Poland’s well-diversified economy reduces its vulnerability to external shocks, although it depends heavily on the EU as an export market. Foreign investors also cite Poland’s well-educated work force as a major reason to invest, as well as its proximity to major markets such as Germany. U.S. firms represent one of the largest groups of foreign investors in Poland. The volume of U.S. investment in Poland was estimated at over $4.2 billion by the National Bank of Poland in 2020 and at around $25 billion by the Warsaw-based American Chamber of Commerce (AmCham). With the inclusion of indirect investment flows through subsidiaries, it may reach over $62 billion, according to KPMG and AmCham. Historically, foreign direct investment (FDI) was largest in the automotive and food processing industries, followed by machinery and other metal products and petrochemicals. “Shared office” services such as accounting, legal, and information technology services, including research and development (R&D), is Poland’s fastest-growing sector for foreign investment. The government seeks to promote domestic production and technology transfer opportunities in awarding defense-related tenders. There are also investment and export opportunities in the energy sector—both immediate (natural gas), and longer term (nuclear, hydrogen, energy grid upgrades, photovoltaics, and offshore wind)—as Poland seeks to diversify its energy mix and reduce air pollution. Biotechnology, pharmaceutical, and health care industries opened wider to investments and exports as a result of the COVID-19 experience. 2021 turned out to be a record year for venture capital investment in Poland. Compared to 2020, the value of investments in this area increased by 66 percent, exceeding $800 million. Around 15 percent of these transactions were investments in the sector of medical technologies.
Defense remains a promising sector for U.S. exports. The Polish government is actively modernizing its military inventory, presenting good opportunities for the U.S. defense industry. A law increasing the defense budget was adopted in March 2022. The law also amends the mechanism of military financing, expansion, and procurement. The defense budget is to increase to 3 percent of GDP from 2023, exceeding the NATO target of 2 percent. Under the new law, the Council of Ministers will be tasked with determining, every four years, the direction of the modernization and development of the armed forces for a 15-year planning period. Information technology and cybersecurity along with infrastructure also are sectors that show promise for U.S. exports, as Poland’s municipalities focus on smart city networks. A $10 billion central airport project may present opportunities for U.S. companies in project management, consulting, communications, and construction. The government seeks to expand the economy by supporting high-tech investments, increasing productivity and foreign trade, and supporting entrepreneurship, scientific research, and innovation through the use of domestic and EU funding. The Polish government is interested in the development of green energy, hoping to utilize the large amounts of EU funding earmarked for this purpose in the coming years and decades.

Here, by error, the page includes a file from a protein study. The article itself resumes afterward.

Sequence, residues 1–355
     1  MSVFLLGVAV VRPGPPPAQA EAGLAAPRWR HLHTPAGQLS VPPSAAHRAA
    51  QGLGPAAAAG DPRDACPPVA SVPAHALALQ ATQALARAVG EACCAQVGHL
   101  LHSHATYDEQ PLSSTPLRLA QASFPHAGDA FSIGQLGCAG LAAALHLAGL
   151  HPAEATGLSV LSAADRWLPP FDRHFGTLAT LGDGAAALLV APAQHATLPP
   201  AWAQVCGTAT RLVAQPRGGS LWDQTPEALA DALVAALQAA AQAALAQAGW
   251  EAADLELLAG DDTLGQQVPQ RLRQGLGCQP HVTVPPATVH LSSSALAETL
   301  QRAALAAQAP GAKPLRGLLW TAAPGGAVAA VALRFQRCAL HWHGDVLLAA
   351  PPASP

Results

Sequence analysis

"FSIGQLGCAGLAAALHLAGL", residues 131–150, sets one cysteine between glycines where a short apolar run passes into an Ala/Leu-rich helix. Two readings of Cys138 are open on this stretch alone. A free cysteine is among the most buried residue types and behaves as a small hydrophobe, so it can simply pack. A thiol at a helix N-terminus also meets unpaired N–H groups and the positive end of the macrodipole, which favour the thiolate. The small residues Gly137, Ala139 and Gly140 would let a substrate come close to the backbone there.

The Polish government plans to allocate money from the EU Recovery Fund (once Poland’s plan is approved) to pro-development investments in such areas as economic resilience and competitiveness, green energy and the reduction of energy intensity, digital transformation, the availability and quality of the health care system, and green and intelligent mobility. A major EU project is to synchronize the Baltic States’ electricity grid with that of Poland and the wider European network by 2025. Another government strategy aims for a commercial fifth generation (5G) cellular network to become operational in all cities by 2025, although planned spectrum auctions have been repeatedly delayed.